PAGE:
Experts' corner

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Mark Dizon

Take Five - The Richmond Report

What happened in Richmond - Catch the Richmond Report Here

11/08/2019 by Mark Dizon

Hey 60 cards readers. We have now had our first expanded regional of the new season. A smaller regional on the scale, many players stayed home or watched from the sidelines as they couldn’t find a footing in the format. I decided to take a regional off and go for a nice vacation to Pittsburgh, but I was glued to social media following the hot action.

 

Interestingly, a grass deck won the whole event the first time since Azul’s win in Toronto two years ago. What was not surprising was the utilization of Item Lock Vileplume returning as it’s been a tried and true strategy since people have begun playing the deck.

Top 8 had varied decks and varied competitors as well. With multiple regional winners in the hunt including Ian Robb and Michael Pramawat. Grant Manley is on a tear and continued with his third straight top 8 in this young season. Junior World Champion, Senior’s World’s Semi-Finalist and Canadian Rowan Stavenow, made his first top 8 as a master. The top 16 was rounded out with even more big names, housing the likes of Bryan Hunter, Andrew Mahone, Dean Nezam, Benjamin Branch, Michael Catron, and Jimmy Pendarvis rounding out the pack. Those names alone could have been a Regional Top 8.

 

What really blew me away due to the results was just the sheer variety of decks. With so many archetype’s in the format it looks so different from the regulars of Standard. Mewtwo/Mew wasn’t all over the place, Pikarom wasn’t the main dog and we had some new with the old. Here are the biggest takeaways from Richmond going into Portland this weekend.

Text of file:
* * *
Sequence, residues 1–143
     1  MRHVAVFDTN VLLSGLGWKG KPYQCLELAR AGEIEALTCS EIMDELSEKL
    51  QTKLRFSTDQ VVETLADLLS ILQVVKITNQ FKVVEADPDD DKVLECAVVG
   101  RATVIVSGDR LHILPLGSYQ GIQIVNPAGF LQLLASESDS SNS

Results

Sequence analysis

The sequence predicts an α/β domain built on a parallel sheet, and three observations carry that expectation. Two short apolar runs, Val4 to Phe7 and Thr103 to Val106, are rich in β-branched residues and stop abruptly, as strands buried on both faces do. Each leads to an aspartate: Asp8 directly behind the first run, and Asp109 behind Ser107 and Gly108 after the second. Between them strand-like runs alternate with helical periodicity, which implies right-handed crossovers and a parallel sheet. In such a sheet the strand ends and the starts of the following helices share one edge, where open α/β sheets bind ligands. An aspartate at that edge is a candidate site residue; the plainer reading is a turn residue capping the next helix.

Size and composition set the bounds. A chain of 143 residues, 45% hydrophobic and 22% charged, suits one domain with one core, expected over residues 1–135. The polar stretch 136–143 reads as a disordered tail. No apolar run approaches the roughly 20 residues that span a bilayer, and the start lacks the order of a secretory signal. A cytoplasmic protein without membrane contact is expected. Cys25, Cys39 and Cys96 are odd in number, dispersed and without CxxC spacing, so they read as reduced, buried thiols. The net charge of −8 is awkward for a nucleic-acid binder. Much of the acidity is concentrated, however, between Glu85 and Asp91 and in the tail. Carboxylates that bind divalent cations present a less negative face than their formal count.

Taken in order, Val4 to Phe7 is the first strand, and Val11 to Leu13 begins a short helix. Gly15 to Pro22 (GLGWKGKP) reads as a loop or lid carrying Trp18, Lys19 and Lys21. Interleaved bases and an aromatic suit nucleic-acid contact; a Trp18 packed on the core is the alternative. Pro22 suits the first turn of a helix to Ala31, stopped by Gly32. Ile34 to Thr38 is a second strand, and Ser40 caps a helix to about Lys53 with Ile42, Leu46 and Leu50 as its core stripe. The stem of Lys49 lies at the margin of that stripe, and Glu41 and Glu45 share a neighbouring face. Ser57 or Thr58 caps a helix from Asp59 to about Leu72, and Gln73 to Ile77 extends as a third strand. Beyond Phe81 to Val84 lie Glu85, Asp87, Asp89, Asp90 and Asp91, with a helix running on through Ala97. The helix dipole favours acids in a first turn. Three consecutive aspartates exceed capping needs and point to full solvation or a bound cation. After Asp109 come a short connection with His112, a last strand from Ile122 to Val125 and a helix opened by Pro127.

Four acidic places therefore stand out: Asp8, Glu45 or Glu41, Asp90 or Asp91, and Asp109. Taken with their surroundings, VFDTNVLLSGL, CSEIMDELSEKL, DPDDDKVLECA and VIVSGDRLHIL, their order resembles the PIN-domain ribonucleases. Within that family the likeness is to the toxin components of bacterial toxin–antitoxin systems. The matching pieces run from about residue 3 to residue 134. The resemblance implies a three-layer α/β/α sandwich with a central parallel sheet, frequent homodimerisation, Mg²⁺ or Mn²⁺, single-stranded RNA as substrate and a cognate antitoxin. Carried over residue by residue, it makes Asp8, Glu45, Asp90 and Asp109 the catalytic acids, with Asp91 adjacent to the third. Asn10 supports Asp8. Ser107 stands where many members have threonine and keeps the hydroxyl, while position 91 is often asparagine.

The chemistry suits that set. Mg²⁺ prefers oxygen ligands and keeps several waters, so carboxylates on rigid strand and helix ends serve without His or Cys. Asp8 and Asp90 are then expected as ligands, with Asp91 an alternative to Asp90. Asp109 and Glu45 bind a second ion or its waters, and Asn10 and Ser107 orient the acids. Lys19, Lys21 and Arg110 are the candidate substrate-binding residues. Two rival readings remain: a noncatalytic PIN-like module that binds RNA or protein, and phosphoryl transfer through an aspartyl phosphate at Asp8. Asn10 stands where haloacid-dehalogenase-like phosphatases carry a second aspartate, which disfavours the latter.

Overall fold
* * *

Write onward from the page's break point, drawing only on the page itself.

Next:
ITEM LOCK IS HERE TO STAY 

Seismitoad was a monster last season. The number of regionals that deck won and matches won was unmatched by almost any other deck in either format. Vileplume was an all-star in the past with Forest of Giant Plants plus Decidueye, or in Expanded with Lurantis GX. It seems like so long ago that Lurantis GX was an acceptable attacker. Rowlet and Alolan Exegguctor were seen as an afterthought after it’s release due to the rotation of Decidueye GX. What makes this new version of Vileplume much stronger is it now brings along with it the Attack prevention Vileplume that saw success in Standard last year. This new addition allows the deck to be able to win more matchups that would have previously been shaky. I see moving forward how strong this deck will be. It attacks the format it many different angles. With Steven Resolve and low N counts, it is able to set up so consistently. Even with giving other decks one turn of items, the amount of Garbotoxin is almost irrelevant. Don’t be surprised to see this be one of the most played decks in Portland.

 

 

ZOROARK WILL NEVER GO AWAY